After a Disappointing Season, Highly-Touted UNT Basketball Star Tony Mitchell Declares For NBA Draft

Yesterday afternoon, joined by his mother Angie and his coach Tony Benford, highly-touted University of North Texas sophomore basketball player Tony Mitchell officially announced that he will declare for the upcoming NBA draft, forgoing his final two years of college eligibility.

“I'm just happy to be in this position,” the athletically gifted 20-year-old power forward said, anxiously tapping his hands against the table he sat at during the press conference in which he announced his decision. “This is my dream.”

The announcement puts an end to Mitchell's unorthodox and well-documented college career. It also comes almost two weeks after North Texas' season-ending — and disappointing — first-round loss in the Sun Belt Conference basketball tournament. The Mitchell-led team finished the season 12-20, a far cry from the high expectations Mitchell and company had for themselves coming into the season — expectations that included a 20-win season, a conference championship and a run in the NCAA tournament.

“You have expectations in anything you do,” Mitchell said yesterday when asked about the season. “I had expectations of being player of the year in certain aspects of the game. But it didn't turn out.”

Mitchell faced a similar decision this time last year after his highly successful freshman campaign came to an end. But the noted J. Cole fan decided to return to UNT to develop his game some more and mature as an individual.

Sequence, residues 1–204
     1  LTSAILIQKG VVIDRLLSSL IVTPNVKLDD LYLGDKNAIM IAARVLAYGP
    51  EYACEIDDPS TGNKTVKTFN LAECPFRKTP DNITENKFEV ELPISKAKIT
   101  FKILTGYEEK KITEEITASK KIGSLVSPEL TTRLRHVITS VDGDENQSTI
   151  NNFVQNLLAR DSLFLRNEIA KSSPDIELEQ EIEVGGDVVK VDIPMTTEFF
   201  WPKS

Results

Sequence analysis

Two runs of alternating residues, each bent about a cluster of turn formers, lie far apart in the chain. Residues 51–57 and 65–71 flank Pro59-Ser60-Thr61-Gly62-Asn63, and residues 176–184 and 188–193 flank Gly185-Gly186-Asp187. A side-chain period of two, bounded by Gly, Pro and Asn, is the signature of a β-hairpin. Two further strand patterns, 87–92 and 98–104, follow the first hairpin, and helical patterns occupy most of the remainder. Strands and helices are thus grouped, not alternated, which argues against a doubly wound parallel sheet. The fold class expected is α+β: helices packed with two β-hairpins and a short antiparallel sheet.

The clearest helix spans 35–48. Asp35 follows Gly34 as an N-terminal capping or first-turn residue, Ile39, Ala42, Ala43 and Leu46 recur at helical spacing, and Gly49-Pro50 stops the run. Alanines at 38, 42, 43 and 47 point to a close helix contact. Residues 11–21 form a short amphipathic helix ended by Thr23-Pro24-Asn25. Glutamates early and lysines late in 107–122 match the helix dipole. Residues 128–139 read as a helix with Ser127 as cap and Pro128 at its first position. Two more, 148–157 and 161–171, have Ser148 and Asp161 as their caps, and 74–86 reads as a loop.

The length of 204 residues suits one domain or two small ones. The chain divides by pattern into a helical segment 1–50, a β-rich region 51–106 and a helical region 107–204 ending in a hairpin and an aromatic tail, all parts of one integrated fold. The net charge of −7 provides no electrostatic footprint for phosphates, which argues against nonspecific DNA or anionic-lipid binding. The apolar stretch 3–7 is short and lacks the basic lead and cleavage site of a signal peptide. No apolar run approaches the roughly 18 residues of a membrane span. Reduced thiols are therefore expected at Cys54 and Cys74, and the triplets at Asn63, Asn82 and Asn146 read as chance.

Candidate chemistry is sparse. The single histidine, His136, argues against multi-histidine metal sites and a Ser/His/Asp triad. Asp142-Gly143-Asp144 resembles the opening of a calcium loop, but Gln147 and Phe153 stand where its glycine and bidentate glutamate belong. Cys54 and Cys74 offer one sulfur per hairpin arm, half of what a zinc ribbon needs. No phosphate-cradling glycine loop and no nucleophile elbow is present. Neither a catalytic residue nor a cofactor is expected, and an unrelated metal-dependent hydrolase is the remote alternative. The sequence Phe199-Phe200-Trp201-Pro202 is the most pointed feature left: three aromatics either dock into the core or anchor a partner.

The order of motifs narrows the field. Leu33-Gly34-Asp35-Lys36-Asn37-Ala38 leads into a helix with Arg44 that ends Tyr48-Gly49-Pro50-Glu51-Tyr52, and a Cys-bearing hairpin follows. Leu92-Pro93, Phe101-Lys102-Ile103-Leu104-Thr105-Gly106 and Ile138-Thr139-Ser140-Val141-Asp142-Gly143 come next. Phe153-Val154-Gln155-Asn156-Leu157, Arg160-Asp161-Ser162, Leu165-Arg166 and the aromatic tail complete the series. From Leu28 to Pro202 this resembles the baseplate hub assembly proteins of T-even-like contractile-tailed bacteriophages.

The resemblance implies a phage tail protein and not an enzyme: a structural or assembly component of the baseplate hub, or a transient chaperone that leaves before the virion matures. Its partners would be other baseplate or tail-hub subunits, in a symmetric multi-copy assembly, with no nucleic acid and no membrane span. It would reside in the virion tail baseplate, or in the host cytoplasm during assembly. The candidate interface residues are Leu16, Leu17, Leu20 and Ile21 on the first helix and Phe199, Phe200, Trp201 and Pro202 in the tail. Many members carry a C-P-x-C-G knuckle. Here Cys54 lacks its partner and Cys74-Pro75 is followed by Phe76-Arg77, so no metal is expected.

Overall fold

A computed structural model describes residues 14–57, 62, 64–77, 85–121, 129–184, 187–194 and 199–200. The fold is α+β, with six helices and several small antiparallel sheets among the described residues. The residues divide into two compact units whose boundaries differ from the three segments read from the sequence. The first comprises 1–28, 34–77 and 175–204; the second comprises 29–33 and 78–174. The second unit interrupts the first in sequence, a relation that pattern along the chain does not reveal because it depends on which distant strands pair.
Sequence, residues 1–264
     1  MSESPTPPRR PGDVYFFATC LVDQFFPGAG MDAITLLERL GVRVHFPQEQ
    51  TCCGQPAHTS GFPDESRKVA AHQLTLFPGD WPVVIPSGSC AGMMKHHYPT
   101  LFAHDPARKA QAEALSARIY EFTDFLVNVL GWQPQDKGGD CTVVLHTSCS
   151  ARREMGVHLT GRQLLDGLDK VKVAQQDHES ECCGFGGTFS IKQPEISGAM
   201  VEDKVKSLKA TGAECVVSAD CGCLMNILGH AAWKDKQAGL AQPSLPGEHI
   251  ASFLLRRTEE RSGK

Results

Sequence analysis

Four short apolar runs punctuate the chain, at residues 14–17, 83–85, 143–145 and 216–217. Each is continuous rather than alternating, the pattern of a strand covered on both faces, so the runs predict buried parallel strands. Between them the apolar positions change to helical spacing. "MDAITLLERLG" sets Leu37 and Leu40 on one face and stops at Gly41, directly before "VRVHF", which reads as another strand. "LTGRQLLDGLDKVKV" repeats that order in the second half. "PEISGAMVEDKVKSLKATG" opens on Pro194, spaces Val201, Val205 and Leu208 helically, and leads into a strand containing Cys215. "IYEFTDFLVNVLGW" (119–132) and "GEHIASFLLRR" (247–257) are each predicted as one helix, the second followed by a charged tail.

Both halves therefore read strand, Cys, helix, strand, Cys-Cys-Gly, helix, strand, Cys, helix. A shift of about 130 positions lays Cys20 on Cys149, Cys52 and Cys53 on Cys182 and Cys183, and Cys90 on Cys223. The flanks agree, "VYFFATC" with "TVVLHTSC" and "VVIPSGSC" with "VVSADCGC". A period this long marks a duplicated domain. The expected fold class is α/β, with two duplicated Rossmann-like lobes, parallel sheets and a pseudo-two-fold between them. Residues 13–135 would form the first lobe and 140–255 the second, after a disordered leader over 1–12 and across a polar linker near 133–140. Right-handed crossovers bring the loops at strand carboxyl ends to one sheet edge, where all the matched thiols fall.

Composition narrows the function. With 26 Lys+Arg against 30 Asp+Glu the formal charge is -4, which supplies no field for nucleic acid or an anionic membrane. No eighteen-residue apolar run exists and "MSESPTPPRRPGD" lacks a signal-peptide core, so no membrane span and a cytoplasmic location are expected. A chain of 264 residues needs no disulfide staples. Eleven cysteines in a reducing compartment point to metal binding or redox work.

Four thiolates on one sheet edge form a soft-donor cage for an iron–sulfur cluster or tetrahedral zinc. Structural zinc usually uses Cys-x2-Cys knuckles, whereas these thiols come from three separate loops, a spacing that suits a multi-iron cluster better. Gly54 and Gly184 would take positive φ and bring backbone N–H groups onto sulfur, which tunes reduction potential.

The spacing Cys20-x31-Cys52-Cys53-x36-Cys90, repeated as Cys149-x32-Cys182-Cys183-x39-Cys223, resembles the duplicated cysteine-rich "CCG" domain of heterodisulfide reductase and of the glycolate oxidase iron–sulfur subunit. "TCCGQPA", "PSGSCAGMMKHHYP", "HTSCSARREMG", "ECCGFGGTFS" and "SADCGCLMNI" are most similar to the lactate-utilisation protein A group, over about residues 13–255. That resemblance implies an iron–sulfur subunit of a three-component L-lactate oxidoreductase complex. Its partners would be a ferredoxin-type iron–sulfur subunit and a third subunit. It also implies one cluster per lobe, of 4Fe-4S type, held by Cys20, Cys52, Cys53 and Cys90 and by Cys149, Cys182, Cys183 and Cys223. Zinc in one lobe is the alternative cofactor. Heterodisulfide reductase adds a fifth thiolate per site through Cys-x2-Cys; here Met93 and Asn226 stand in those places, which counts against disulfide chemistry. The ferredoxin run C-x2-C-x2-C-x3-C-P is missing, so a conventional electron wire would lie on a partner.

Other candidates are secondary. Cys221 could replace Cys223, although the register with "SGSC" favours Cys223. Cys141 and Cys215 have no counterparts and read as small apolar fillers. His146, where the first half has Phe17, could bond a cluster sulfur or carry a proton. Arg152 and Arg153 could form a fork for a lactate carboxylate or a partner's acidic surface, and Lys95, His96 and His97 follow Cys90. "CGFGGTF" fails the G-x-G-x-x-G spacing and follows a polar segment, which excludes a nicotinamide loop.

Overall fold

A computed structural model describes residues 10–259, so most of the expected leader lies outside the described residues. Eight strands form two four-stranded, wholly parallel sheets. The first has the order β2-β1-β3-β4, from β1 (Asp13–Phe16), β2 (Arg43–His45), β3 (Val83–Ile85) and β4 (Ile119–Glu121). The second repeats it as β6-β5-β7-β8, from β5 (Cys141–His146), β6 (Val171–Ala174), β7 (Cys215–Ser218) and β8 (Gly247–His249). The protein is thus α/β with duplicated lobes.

Upon last year's announcement to come back to school, Mitchell received an immense amount of preseason hype from such national publications as CBS, which ranked the 6-foot-8-inch, 235-pound forward as the No. 7 player in the country heading into the season, and Sports Illustrated, which featured the skilled dunker in their college basketball season preview as a player who could potentially put his mid-major school on the map.

But, throughout the season, despite showing the same flashes of elite talent as his freshman year, Mitchell's sophomore efforts didn't live up to expectations. After averaging a double-double as a freshman, Mitchell's numbers dropped in all categories this season, except in minutes played and steals (he averaged all of .1 more swipes per game this season than last). After this sophomore campaign of 13 points, 8.5 rebounds and 2.7 blocks per game, Mitchell's draft stock has dropped in most every mock draft that can be found these days; whereas, heading in this season, he was viewed as a potential lottery pick, most prognosticators now see Mitchell as a mid- to late-first round selection.

Still, just as he was before the season, Mitchell is confident in his ability to overcome the current round of chatter about his game.

“I'm killing everybody — that's my mindset,” Mitchell said yesterday about his current draft stock. “I've played against everybody in the country. I'm just gonna go at their head.”

Head coach Tony Benford says he too believes that Mitchell's draft position will end up higher than it's currently being projected as being, arguing that Mitchell's game is not only ready for the next level, but that his skill set and weight room ethic are, too. Benford, for his part, still believes that Mitchell will end up being selected as a top pick in the NBA draft after he's had the chance to impress scouts in workouts and draft camps.

Said Benford: “He can flourish in the open space that he'll be allowed to play in in the NBA.”

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